Screened at Palm Springs, Underwire & London Film Festival in 2014, Faye Gilbert’s 21-minute film The Line is a low-key science-fiction tale that dazzles audiences with strong characters and a teasing narrative over fancy FX work. Funded through the BFI shorts programme (the same year as fellow Short of the Week picks Mohammed and SLR), like Stephen Fingleton’s short, The Line has led Gilbert and producer Yaw Basoah down the feature path.
Producer Basoah explained (in conversation with Short of the Week) that one of the main aims when creating The Line was to make “an engaging story that asked the audience to question the protagonist’s actions and motivations” and despite falling into our LongShort categorisation with its 20+minute duration, this is undeniably a short with more questions than answers.
With a lot of the world building left to viewers imaginations, Gilbert’s film doesn’t seem too concerned with ensuring all the pieces of the puzzle are present and correct (even the titular “Line” is never fully explained), instead using intrigue and emotion to hook its audience in.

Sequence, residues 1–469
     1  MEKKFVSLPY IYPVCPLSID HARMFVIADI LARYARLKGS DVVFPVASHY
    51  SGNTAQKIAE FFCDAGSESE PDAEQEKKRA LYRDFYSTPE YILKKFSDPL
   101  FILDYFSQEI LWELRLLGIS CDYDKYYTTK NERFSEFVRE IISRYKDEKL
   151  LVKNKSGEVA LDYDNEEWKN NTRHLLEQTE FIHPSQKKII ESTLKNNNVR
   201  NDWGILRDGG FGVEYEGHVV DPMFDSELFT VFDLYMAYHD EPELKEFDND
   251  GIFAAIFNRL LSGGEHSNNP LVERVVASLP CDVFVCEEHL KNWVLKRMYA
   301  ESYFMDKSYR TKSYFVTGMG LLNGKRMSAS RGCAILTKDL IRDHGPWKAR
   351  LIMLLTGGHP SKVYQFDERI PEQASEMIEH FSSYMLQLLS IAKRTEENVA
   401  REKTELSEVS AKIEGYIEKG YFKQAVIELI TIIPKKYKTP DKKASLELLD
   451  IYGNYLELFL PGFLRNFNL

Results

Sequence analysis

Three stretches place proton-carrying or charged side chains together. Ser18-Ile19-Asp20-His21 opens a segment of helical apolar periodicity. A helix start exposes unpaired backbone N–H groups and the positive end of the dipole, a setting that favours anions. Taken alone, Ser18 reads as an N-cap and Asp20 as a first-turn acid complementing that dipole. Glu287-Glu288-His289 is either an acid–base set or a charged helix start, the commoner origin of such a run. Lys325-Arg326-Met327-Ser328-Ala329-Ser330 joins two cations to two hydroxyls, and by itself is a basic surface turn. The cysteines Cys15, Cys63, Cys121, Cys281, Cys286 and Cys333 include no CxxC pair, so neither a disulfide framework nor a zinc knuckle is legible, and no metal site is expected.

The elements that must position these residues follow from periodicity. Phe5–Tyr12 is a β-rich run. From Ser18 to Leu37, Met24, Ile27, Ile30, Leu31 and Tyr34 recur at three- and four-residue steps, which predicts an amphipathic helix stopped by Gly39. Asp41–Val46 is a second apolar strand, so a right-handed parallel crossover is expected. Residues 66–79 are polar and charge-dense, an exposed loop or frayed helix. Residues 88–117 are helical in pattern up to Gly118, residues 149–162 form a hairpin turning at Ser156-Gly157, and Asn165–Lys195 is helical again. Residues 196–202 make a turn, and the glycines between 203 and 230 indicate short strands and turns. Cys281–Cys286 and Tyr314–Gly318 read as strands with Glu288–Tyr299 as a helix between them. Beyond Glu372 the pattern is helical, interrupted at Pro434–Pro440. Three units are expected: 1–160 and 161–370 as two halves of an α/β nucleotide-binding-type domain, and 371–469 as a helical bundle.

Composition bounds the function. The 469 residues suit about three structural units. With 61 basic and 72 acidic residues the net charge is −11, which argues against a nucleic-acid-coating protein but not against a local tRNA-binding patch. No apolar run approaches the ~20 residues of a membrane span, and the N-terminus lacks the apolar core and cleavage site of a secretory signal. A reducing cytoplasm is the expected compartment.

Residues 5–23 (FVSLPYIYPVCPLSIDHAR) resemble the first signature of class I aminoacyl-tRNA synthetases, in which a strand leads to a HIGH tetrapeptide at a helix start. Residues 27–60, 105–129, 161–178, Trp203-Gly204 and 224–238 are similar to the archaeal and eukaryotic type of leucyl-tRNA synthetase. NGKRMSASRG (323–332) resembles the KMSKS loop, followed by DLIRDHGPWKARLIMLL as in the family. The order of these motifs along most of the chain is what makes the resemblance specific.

It often feels as if some of the best storytelling is when a universe feels like it continues to exist after a film ends, or a book finishes, and this is certainly the case with The Line as Gilbert almost seems to be challenging her audience to fill in the blanks in her narrative with their own answers.
Gilbert and Basoah (who was recently selected for the BFI Vision Awards) are now working on their first feature Kill Her Witch – a story set in a dystopian future where two sisters must run for their lives across a hostile territory in order to find freedom from a threat that will stop at nothing to hunt them down.
Basoah explains that their longer piece was conceived as “a response to a number of atrocities committed against women around the world and as the perfect follow-up to The Line” – we look forward to seeing what this talented duo can achieve with a longer run-time.